The huge computer farms needed by Google, Amazon, and other large tech companies using the internet are facts of life. When one of these companies sets up solar energy supplies to produce the needed energy, people say “yay you.” But what most of us don’t consider is that the reason they need those huge complexes is that the ultimate users watch videos, order content, and do other tasks that require energy. It’s time that we, as consumers, paid more attention to the detail that “free” or low cost entertainment does have an impact on the environment.
The real problem with your Netflix addiction? The carbon emissions
Questions are being asked about the energy consumption of streaming services – which is why we should all pay more attention to our digital footprint
Wed 12 Feb 2020 02.00 EST Last modified on Wed 12 Feb 2020 13.05 EST
Binge-watching Netflix doesn’t just fry your brain; it may also be frying the planet. The streaming service’s global energy consumption increased by 84% in 2019 to a total of 451,000 megawatt hours – enough to power 40,000 average US homes for a year.
Netflix disclosed these figures in its inaugural environmental, social and governance report, noting it matched 100% of its 2019 non-renewable power use “with renewable energy certificates and carbon offsets”. While these may help the brand, they don’t address the inconvenient fact that our love of streaming has unfortunate side-effects – most of which we are only starting to comprehend. Advertisement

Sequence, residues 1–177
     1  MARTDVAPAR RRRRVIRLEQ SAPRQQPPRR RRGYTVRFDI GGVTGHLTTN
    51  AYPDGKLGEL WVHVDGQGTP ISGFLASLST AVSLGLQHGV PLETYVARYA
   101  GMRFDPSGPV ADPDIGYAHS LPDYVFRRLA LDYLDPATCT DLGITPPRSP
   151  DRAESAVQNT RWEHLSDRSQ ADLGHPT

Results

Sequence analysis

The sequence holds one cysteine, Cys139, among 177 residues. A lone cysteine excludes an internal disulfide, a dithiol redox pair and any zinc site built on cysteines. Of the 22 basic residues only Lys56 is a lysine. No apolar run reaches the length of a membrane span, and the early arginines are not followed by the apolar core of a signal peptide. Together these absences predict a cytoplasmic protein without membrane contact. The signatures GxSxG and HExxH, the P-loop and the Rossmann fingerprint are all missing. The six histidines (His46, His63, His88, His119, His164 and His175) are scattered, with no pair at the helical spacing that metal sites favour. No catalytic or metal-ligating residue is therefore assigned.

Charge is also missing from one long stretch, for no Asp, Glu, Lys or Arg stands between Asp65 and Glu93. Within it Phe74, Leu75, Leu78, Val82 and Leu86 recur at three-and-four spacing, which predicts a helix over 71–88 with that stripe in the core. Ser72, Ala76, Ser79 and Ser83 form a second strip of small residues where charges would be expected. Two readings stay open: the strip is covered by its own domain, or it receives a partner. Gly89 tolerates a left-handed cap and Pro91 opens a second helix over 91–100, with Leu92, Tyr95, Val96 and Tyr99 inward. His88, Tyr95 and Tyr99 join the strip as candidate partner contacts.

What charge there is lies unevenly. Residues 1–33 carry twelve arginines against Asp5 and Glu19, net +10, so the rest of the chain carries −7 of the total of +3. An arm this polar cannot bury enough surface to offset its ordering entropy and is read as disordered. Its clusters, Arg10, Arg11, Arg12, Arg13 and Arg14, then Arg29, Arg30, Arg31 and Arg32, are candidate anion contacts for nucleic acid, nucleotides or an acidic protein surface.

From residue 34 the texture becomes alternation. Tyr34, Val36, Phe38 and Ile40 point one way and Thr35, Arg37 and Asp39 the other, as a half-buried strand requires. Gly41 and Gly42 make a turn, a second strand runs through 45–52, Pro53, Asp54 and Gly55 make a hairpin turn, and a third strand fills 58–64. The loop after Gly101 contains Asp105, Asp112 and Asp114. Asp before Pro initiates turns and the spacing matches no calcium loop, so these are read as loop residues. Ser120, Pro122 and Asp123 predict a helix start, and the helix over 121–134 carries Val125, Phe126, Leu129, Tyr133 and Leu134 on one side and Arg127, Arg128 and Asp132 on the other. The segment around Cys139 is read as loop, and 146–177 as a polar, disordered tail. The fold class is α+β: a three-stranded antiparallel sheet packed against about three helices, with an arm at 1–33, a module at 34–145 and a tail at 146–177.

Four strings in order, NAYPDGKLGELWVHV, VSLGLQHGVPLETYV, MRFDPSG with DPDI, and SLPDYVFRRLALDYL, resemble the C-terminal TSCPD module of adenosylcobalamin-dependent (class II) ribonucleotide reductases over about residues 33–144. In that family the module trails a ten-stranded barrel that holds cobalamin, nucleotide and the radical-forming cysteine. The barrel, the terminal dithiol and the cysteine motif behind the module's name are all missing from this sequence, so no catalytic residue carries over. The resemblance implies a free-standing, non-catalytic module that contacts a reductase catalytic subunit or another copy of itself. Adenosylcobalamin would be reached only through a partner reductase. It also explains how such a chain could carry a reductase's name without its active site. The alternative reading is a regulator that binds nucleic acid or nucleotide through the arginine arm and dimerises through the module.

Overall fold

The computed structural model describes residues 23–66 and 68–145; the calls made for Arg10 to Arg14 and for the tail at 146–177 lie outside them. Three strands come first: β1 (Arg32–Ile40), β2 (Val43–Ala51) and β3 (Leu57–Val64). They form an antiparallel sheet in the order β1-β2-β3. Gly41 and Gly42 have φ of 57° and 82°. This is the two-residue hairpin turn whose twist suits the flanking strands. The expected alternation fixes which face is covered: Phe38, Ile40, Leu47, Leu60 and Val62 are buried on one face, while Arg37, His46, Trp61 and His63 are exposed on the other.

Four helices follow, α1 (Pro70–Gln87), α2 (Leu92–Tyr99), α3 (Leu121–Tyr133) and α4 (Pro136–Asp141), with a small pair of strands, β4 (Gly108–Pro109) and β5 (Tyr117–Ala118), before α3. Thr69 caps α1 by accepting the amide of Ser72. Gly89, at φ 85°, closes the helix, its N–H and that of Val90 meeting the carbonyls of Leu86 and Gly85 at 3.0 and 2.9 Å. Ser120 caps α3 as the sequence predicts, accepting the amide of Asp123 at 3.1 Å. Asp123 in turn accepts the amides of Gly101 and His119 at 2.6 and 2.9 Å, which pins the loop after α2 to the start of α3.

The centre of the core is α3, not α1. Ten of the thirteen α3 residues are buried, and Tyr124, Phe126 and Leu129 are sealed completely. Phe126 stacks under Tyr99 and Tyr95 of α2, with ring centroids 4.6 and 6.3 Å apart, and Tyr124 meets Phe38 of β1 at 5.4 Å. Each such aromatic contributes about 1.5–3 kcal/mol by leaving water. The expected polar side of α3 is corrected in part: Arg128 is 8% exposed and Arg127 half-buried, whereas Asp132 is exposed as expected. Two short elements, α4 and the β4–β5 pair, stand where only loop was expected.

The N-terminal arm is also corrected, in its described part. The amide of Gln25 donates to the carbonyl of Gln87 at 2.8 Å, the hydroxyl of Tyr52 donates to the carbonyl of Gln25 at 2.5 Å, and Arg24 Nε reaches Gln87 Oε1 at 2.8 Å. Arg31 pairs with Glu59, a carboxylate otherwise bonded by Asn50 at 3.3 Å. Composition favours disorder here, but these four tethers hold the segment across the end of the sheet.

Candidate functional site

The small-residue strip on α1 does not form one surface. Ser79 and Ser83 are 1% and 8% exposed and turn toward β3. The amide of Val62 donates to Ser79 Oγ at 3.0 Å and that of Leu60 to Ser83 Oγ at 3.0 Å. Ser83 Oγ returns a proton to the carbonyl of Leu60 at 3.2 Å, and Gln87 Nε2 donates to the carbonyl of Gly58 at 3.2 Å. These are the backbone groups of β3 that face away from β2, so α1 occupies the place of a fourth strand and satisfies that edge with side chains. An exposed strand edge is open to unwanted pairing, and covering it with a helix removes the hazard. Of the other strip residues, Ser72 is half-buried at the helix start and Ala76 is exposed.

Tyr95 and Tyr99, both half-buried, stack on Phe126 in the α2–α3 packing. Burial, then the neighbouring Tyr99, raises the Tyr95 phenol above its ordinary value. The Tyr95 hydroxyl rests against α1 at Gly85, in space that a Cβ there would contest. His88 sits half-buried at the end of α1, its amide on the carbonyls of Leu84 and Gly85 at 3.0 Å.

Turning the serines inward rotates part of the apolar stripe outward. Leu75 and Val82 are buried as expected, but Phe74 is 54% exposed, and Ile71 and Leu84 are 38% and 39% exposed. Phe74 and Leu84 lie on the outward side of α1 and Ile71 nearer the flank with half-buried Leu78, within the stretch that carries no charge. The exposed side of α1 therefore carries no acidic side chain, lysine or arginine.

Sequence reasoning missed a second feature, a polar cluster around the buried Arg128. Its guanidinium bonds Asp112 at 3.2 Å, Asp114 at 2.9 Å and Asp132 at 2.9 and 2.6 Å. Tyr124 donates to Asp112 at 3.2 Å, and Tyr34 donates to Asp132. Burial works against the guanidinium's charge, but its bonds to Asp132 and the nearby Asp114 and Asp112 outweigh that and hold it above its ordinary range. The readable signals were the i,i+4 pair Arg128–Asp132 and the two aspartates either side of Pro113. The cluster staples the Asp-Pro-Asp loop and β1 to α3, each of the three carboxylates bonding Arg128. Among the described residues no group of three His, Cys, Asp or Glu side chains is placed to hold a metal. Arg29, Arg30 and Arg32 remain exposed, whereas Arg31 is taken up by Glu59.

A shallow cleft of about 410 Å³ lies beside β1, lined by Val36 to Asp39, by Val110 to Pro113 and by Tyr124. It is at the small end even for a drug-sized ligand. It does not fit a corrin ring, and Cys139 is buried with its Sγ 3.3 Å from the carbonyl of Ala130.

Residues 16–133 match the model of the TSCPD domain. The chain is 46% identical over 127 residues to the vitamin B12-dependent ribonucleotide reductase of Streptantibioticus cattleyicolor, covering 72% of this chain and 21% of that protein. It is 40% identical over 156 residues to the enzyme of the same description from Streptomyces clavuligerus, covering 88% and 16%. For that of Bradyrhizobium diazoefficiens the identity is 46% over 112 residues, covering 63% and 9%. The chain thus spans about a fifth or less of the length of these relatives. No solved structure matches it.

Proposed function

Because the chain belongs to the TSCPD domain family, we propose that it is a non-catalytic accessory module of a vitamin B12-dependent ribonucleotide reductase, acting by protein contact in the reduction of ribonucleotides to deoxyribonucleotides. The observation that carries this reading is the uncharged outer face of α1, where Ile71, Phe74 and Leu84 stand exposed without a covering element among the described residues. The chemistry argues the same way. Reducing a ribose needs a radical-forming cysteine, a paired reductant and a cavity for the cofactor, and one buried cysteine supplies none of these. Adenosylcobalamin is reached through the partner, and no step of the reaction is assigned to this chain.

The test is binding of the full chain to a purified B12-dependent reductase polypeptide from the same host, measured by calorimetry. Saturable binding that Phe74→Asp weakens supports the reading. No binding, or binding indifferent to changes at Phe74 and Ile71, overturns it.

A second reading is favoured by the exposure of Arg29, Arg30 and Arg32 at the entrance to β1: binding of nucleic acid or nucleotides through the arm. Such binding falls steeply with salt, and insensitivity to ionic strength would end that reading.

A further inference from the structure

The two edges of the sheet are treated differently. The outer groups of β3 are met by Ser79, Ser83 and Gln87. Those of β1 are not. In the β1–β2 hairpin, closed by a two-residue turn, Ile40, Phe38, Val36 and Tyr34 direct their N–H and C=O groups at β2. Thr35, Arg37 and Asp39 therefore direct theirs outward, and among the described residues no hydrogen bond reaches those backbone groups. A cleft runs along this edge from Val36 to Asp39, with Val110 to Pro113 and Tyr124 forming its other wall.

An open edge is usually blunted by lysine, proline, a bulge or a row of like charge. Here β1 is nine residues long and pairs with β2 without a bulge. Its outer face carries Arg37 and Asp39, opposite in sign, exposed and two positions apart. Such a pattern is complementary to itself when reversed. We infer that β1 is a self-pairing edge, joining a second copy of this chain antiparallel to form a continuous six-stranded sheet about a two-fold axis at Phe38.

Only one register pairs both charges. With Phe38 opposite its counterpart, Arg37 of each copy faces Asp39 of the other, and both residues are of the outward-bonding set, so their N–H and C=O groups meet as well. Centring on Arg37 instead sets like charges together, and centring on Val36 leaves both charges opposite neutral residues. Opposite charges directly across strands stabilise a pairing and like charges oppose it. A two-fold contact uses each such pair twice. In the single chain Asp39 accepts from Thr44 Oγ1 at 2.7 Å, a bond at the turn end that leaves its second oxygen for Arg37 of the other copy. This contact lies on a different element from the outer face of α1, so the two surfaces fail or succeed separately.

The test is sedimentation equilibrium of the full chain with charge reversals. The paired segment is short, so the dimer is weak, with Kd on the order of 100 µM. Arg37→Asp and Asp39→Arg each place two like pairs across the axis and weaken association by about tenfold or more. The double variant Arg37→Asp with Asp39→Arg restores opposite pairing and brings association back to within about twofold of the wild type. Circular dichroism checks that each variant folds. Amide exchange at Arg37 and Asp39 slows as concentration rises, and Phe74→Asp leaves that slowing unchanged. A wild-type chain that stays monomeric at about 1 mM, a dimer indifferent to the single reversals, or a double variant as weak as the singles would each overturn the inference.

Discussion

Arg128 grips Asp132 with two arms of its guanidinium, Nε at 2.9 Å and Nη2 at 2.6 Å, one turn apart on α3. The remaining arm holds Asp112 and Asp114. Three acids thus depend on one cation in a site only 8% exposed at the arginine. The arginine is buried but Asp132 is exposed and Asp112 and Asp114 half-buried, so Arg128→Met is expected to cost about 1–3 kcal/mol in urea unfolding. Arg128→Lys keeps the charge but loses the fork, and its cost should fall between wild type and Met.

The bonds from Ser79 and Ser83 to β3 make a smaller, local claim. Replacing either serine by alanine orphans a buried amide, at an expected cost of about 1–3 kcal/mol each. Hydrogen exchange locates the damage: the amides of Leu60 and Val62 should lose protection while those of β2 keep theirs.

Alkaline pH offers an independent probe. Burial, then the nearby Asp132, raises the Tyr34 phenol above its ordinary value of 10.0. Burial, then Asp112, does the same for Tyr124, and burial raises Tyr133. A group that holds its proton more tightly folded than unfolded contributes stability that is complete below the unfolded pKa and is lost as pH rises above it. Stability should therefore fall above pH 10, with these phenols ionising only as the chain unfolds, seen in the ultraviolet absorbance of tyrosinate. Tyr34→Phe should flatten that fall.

Digital technology has ushered in an age of inconspicuous consumption. It is easy to understand the environmental impact of buying “stuff” or flying across the Atlantic. It is harder to wrap your head around how much energy it takes to fly data across the web. We may feel that we are consuming less thanks to the internet, but digital technologies account for more carbon emissions than the aerospace industry, according to a study by the Shift Project, a Paris-based thinktank. Transmitting and viewing online video accounts for a large portion for this, generating nearly 1% of global emissions. Similarly, a study from the universities of Glasgow and Oslo found that streaming music has led to “significantly higher carbon emissions than at any previous point in the history of music”.
Being a conscientious consumer does not mean you have to turn off your wifi or chill with the Netflix. But we should think more critically about our data consumption. Apple already delivers screen-time reports; perhaps tech services should start providing us with carbon counts. Or maybe Netflix should implement carbon warnings. Caution: this program contains nudity, graphic language and a hell of a lot of energy.
•Arwa Mahdawi is a Guardian columnist